From developing large agricultural structures to designing complex residential development schemes, a building surveyor plays an essential role is providing professional advice when development and building property. Surveyors work on a range of residential, commercial and industrial projects, including restoration and maintenance projects. Within the surveyor field, there are a variety of specialisms related to specific aspects of surveying such as measured building surveys.
The Role of a Building Surveyor
Building surveyors provide professional advice on the design and development of a property, whether it is for a new build or the redevelopment of an existing property. Unlike a land surveyor, this type of surveyor focuses on the structure itself rather than the surrounding lands. They work with architects and other professionals to identify preventative measures to ensure buildings are safe. Surveyors also provide advice on how to make structures sustainable over time. In some cases since they are specialists in building regulations and determining the condition of buildings, they also provide evidence in court as an expert witness. These professionals are involved in construction design and building works, and have an active role in project management and monitoring.
Services Provided by Surveyors
The work of a surveyor is diverse and can involve a wide range of tasks. They are involved in various aspects of construction, including design, maintenance, repair, refurbishment, and restoration. The services provided by a surveyor may vary and may specialist in specific aspects of building surveying. A surveyor may specialise in providing advice on property legislation or may provide a full project management and monitoring service. They may also focus on undertaking building surveys and measures surveys. Alternatively, a surveyor might specialist in providing pre-acquisition surveys or defect investigations.
Typical work activities include provide advice on property schemes and projects, as well as identifying requirements for the project. They also prepare designs or drawings that include project specifications, costings and timelines. Surveyors also work to determine the condition of existing structures, including identifying potential safety issues and assessing defects to propose potential repairs to ensure the structural integrity of the property. They might also provide advice on the environmental impact of a project, the preservation or construction of historic properties, health and safety issues, project feasibility, and building construction and design regulations. Surveyors may also deal planning applications as well as insurance assessments and claims.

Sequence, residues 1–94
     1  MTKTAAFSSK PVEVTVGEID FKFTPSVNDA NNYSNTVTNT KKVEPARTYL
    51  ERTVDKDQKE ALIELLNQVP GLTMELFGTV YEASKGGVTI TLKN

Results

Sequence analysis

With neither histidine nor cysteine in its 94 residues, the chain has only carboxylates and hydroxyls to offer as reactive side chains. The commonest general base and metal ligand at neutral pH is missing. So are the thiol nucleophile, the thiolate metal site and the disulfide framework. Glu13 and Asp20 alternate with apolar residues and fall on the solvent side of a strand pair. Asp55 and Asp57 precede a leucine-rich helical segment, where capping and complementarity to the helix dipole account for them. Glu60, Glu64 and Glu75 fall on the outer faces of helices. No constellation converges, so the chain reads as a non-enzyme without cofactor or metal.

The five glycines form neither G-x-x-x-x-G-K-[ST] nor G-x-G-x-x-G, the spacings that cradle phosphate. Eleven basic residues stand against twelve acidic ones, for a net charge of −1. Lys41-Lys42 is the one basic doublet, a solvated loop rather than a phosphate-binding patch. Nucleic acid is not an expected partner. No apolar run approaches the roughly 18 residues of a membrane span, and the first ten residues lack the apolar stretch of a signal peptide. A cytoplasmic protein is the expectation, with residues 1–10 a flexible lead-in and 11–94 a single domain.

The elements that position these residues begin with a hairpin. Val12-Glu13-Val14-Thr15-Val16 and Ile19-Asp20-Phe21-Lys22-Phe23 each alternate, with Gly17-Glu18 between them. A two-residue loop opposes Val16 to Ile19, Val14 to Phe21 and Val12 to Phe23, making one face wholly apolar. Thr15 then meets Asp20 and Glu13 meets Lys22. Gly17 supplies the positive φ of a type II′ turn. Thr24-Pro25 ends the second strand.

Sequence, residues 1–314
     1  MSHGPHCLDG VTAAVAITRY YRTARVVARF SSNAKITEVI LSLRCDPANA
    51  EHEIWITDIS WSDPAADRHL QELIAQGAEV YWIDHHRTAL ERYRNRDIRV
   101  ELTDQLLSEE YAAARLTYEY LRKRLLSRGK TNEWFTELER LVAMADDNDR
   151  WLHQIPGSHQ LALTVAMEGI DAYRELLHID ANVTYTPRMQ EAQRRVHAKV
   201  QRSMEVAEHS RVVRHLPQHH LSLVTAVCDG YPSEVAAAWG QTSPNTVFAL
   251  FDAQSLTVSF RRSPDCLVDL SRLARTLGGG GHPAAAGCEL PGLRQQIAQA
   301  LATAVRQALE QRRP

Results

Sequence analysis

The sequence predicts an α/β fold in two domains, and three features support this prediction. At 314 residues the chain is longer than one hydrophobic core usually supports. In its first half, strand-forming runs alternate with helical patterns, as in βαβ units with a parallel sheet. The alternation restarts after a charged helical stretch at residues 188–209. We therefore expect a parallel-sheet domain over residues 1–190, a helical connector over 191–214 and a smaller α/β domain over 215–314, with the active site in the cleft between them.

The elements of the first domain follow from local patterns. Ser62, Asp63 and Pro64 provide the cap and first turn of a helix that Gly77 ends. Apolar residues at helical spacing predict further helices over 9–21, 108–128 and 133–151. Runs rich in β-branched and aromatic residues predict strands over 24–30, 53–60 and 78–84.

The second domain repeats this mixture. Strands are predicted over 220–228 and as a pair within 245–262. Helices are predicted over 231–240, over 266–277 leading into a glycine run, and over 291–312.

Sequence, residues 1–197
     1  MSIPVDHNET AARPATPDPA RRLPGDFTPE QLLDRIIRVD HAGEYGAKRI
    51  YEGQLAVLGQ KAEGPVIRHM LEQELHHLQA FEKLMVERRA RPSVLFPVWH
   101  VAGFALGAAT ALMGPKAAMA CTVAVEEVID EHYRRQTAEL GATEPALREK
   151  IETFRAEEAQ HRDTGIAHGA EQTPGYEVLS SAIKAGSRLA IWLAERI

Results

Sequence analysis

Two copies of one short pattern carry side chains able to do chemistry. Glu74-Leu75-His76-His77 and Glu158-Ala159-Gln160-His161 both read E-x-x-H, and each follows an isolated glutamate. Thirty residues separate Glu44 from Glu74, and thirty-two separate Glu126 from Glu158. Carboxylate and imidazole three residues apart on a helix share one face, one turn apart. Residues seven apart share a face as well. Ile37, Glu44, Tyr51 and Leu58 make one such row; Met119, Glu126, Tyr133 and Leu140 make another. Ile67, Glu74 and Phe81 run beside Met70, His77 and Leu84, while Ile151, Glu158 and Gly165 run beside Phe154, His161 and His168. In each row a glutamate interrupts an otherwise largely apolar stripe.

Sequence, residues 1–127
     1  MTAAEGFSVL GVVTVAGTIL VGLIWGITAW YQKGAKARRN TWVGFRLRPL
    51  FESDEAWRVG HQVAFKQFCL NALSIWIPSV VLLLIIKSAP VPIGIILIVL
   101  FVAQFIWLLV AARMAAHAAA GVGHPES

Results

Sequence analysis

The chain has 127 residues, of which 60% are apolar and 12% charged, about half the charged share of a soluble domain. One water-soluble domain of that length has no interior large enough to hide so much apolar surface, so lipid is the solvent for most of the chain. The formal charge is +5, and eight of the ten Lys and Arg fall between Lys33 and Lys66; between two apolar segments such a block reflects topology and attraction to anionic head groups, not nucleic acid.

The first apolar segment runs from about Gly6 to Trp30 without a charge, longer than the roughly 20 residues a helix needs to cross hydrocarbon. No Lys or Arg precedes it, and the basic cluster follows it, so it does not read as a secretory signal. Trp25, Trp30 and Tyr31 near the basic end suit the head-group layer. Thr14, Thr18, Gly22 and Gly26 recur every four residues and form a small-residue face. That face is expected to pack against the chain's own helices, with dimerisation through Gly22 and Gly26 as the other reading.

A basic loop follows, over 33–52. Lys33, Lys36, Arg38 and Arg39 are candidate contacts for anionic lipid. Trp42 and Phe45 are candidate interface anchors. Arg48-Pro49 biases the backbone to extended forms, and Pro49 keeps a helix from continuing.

The Role of a Measured Building Surveyor
While a generalist surveyor may provide a range of services outlined above, certain professionals specialise in carrying out measured building surveys. A measured survey is a building survey that is used to produce detailed plans for a building. These types of surveys are generally undertaken before redevelopment or renovation projects. They may also be used for commercial purposes or be completed once the construction phase of a building project is finished.
To complete the survey, a measured building surveyor uses digital instruments to obtain precise measurements of a property. These measurements are then used to produce a plan by the surveyor or another professional. The building measurements are also used by architects and interior designers for further planning and development work on the property. Plans or drawings may also be used to obtain planning permits from local authorities.